Lastly, it affords the citizenry protection from arbitrary state action.

Now, the question is whether the recent activities fit all the three criterias. Are the actions of the MPs who moved for the vote of no confidence in the PM’s government acting in line with Lesotho’s constitution and democracy?

This definition of democracy says that regular constitutional avenues exist for changing government officials. The no confidence vote exists in Lesotho’s constitution. But the PM and his security agencies questioned this. They claim the move by the members of the opposition to dethrone the government was a coup attempt.

The drama began when an MP from the ruling Revolution for Prosperity (RFP), Thabo Moea MP, sought an order from the High Court to delay the motion of no confidence against the Prime Minister until after the completion of the reforms process.

The opposition contests that the prayer by Moea stifles a democratic process for self-serving ends. Subsequently, the Speaker cited this impending case to defer the matter.

The constitution of Lesotho stipulates that the legislature is to pass laws, the executive is to approve and execute them, and the judiciary is to expound and enforce them. But a scholar, Nwafor, claims that the courts in Lesotho often intrude into the functions of the other arms of government.

Lesotho ‘s constitution confers powers on three arms of government in such a manner as would ensure cooperation and coordination in governance. The courts ought to bear in mind that the effective discharge of the responsibilities of the courts largely depends on the effectiveness of the other arms of government.

Nwafor brings up the issue of encroachment. He asserts that the powers of the different arms of government in such a manner would guarantee a coordinated discharge of government responsibilities to the nation. But, parliament overly relies on the courts to make political decisions. The practice encourages the risk of overreaching.

The PR electoral system denies Basotho the right to choose their representatives among contenders for political office. Instead, parties ‘hand pick’ these representatives in the pretext of the constituency elections outcomes. Often, these PR members are the ones who lost their constituency elections.

These are the politicians whose constituencies rejected them. They represent their parties and not the voters. They do not account to the voters.

Both the PM and the opposition made presentations to SADC. They overlooked the electorate. Why would SADC have power and not the electorate that elected the politicians to office? Running to SADC, an outside organisation, to settle Lesotho’s internal problems is not a solution. It is scoring an own goal. Lesotho, with its 57 years of independence, should be able to solve its internal problems.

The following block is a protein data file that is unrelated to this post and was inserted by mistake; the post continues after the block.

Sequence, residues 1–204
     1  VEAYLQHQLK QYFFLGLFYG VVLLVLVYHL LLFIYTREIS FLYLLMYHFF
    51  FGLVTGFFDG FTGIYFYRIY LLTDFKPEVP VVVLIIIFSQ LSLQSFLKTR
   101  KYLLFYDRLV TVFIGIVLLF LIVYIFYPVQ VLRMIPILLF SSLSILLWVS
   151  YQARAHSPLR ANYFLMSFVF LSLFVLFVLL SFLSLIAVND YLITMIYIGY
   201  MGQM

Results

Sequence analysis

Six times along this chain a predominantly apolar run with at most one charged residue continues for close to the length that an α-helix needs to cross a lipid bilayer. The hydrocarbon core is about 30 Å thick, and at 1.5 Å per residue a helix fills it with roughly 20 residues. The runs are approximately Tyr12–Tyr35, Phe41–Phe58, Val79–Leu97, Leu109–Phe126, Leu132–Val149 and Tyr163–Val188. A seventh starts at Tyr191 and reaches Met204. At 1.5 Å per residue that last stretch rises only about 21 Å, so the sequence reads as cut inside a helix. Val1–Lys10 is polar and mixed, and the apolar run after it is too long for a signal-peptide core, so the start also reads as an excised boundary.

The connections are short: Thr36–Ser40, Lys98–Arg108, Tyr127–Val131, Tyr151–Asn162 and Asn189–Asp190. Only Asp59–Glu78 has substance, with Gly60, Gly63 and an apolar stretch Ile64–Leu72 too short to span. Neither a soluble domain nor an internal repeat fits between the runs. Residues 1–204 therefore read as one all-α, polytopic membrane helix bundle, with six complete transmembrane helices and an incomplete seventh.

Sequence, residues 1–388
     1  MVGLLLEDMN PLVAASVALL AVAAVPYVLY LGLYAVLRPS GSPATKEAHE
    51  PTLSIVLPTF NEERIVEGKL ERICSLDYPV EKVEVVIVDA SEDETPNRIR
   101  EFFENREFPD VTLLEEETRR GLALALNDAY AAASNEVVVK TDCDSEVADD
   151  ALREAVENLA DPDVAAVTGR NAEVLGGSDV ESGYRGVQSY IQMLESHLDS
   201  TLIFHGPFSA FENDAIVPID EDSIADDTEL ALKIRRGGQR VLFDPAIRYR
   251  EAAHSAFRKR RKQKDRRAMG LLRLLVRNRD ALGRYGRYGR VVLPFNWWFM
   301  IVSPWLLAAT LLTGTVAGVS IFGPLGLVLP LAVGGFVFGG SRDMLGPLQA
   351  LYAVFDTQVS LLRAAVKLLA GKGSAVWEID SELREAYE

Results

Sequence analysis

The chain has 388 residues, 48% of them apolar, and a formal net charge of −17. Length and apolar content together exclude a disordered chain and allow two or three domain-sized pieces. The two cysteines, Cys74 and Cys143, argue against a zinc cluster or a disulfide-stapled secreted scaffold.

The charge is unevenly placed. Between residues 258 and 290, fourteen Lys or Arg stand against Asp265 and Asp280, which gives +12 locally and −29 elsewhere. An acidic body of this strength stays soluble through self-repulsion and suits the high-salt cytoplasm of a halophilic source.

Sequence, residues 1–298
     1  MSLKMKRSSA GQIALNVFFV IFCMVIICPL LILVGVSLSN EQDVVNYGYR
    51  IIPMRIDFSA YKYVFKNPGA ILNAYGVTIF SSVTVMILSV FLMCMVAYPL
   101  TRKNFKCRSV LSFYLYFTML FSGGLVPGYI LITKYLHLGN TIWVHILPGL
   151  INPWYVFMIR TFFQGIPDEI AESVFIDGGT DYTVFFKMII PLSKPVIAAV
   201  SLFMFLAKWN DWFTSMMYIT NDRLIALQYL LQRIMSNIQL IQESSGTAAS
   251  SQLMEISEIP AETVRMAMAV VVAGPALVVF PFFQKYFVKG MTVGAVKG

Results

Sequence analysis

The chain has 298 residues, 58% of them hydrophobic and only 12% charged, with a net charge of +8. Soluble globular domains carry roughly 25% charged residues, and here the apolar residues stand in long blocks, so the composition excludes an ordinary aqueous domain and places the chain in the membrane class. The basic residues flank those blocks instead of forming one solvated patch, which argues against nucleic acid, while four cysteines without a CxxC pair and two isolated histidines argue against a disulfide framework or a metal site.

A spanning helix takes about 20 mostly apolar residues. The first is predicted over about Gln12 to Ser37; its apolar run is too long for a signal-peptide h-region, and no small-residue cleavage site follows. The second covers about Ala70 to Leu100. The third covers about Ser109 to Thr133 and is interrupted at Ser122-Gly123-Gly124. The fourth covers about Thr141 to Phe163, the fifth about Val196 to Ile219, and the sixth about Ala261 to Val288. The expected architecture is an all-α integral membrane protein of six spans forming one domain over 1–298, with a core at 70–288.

Nonetheless, I have a completely different take from Mokhothu on the issue of the protest march by the RFP. It is unimportant to find the instigator of the protest march. The people to persuade are the voters, the people who put governments into power in a democracy, not external bodies such as SADC.

Napoleon Hill’s creed reads: ‘Every adversity brings a seed of equivalent or more benefit’. Any business person knows that business is a solution to an economic problem. So, the PM and his colleagues in his party who are business people must look at the adversity emanating from the opposition as a seed of equivalent or better benefit.

The government must dig deep to find how the problem may benefit them.
They must identify their failures and use them as stepping stones to success.

Elsewhere, I presented the views of an American scholar and activist, Anderson, who suggested that marginalised communities must cease granting candidates blank cheques. Instead, the electorate must draw their expectations and demand the campaigning party or candidate promise to meet them.

This practice is called quid pro quo. It enforces accountability and transparency.

You scratch my back, and I scratch yours. Quid pro quo is an example of one of the universal laws that demonstrate reciprocity. Reciprocity is the practice of exchanging things with others for mutual benefit. The universal law is the Law of Cause and Effect. It means that for every effect, there is an equal cause. You plant a seed, so shall you reap.

Both the government and the opposition ran to SADC for help. Remember, Matekane is a successful businessman. He has, on more than one occasion, explained that he wanted to use his prowess in business to take Lesotho forward. As a businessman, Matekane has faith in his ability.

Words that come to mind here include self-confidence and trust in himself. He believes in himself. Running to SADC does not display this faith in his ability to deal with problems emanating from his opposition.

Hill argues that riches, or any form of success and achievement, begin with a thought. Faith removes limitations. Matekane must apply his faith as a businessman to become a successful politician.

To summarise, the article explores the events emanating from the fiasco of the no-confidence motion. The individuals who ought to champion constitutional democracy in Lesotho betrayed Basotho by scoring hordes of own goals.

I explored the meaning of concepts that helped me unpack some of these own goals. These were democracy, faith and desire. Also, I coupled these with scholarly research views on the constitution of Lesotho.

I contest that while the opposition may argue that they are within their rights to ruffle the government, the PM must use different tactics. He must display faith and confidence in himself and trust Basotho.

The move to influence the voters to back him deserves a big WOW! He must hold more campaigns to persuade voters to support his government. Voters may make or break him.

MPs waste time in discussing trivial issues that have no bearing on the national agenda. Often, they focus on self-serving matters. The RFP promised to refocus Lesotho towards national development and improving the quality of life.